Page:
Art Direction & DesignYusuke Seki
Text description provided by the architects. The confectionary company BAKE traces its origins to the famed dairy farming tradition of Hokkaido.This project is the newest bakery storefront, tasked with the production and sales of the brand’s signature item — a freshly baked cheese tart– in a Kyoto shopping district.
The layers of Japanese history remain deepest and most wholly intact here. The culture that is local to Kyoto has always attracted many, but in recent years, at times, the number of guests on its streets swells to nearly double the resident population. By nature of this influx, the tradition that appeals to so many has itself modulated, incorporating patterns of behavior that are more accepting in international terms.
Experimentation with this context, deforming and re-conceptualizing ‘Local’ until global in scope, inspired the selection of building materials. A correlating push for an expansion in local’s mode of communication demanded that they be both relational and rich in potential.
Cheese tarts, freshly baked in the open kitchen at the back of the store, are soon lined up and displayed on a counter constructed of Lego. This architectural fabric serves as the shared language of communication between those whose spoken language may differ. Its appeal is universal, intuitive, and its attraction felt by nearly every generation. It evokes a sense of intimacy, creating a moment that connects people to this space.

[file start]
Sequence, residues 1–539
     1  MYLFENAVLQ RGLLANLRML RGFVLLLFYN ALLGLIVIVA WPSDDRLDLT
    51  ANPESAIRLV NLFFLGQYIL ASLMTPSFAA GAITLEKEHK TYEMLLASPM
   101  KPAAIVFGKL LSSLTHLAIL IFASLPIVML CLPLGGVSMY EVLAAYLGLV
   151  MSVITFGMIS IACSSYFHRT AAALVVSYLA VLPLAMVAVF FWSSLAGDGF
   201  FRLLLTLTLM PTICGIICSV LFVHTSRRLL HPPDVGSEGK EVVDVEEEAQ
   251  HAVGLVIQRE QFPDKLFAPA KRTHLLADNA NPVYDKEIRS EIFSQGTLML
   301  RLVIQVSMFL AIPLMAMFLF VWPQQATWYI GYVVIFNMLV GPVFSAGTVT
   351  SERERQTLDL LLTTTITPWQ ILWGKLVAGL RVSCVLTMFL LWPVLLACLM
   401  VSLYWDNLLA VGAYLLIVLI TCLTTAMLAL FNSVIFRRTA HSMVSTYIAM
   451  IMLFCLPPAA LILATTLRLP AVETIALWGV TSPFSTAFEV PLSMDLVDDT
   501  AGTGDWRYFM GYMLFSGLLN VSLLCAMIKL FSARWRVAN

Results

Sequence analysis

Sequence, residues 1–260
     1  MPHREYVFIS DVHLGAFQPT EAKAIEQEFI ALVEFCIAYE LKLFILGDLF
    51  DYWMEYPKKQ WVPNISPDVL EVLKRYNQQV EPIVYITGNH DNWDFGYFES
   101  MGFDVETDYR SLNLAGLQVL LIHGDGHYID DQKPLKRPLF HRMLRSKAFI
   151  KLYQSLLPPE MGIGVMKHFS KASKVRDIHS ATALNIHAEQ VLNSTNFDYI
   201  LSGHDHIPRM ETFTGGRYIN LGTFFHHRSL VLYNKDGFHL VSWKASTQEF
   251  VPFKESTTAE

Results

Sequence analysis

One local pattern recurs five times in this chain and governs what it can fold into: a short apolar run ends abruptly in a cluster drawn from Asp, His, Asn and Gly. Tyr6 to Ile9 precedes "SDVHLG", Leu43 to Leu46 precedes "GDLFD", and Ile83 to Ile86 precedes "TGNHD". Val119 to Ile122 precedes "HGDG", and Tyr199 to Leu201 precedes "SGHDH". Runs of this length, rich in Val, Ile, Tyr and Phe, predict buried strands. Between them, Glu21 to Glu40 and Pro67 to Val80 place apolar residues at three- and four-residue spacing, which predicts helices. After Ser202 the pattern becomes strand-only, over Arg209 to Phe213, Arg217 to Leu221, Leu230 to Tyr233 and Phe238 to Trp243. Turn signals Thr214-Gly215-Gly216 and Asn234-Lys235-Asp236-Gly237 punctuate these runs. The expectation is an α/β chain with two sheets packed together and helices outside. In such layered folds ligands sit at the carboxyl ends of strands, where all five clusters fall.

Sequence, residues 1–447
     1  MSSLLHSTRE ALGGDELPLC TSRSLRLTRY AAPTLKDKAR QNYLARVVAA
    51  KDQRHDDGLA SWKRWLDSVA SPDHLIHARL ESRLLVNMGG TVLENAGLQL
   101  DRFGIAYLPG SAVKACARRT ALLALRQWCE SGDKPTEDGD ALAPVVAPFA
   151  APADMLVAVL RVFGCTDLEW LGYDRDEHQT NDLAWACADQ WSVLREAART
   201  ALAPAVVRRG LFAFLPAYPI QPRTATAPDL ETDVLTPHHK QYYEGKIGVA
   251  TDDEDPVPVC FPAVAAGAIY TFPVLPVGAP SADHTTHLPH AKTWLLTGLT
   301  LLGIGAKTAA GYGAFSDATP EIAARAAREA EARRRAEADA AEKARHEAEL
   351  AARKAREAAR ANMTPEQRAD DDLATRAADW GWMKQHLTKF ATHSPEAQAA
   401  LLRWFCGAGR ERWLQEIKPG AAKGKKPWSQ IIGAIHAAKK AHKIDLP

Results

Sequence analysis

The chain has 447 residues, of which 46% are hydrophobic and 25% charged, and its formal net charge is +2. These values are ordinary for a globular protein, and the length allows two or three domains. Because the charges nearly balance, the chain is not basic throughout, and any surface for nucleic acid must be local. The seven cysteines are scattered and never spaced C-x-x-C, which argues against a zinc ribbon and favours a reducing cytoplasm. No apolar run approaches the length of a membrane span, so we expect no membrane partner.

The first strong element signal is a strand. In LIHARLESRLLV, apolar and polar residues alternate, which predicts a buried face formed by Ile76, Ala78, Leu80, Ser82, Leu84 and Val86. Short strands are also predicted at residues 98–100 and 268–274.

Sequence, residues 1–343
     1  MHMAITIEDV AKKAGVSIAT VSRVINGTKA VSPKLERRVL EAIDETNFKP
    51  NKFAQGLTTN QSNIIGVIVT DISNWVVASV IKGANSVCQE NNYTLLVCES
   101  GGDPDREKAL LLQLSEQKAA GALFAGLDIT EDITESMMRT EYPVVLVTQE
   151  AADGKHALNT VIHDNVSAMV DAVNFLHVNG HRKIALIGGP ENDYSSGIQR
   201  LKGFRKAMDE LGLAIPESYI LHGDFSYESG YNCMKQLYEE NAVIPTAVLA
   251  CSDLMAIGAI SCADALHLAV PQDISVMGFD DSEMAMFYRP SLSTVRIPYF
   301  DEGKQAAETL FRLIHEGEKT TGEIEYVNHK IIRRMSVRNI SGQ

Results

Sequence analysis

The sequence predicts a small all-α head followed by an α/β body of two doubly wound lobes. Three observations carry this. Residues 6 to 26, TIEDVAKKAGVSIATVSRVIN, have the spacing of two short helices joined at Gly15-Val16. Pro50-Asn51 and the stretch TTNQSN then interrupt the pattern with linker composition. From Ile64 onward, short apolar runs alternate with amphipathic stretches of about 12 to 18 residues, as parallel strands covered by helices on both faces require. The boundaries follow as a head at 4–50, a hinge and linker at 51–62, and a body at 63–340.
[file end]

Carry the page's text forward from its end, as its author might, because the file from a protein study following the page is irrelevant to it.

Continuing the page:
At the same time, the walls of the retail area employ “Shitaji-Mado”, a lattice framework technique traditionally used in the construction of Japanese teahouses. The exact specifications of the grid are strictly governed by each locality’s respective guild of artisans, with no two being exactly the same. Left partially exposed, these walls allow customers to interact with a new iteration of tradition, while simultaneously encouraging an interaction the older exterior wall cladding. The store is thereby given a firm sense of place, reverberating with a reverence for the region.
Through this project, Seki has uncovered a new significance by reflecting on and tapping into the potential intrinsic to the locality itself.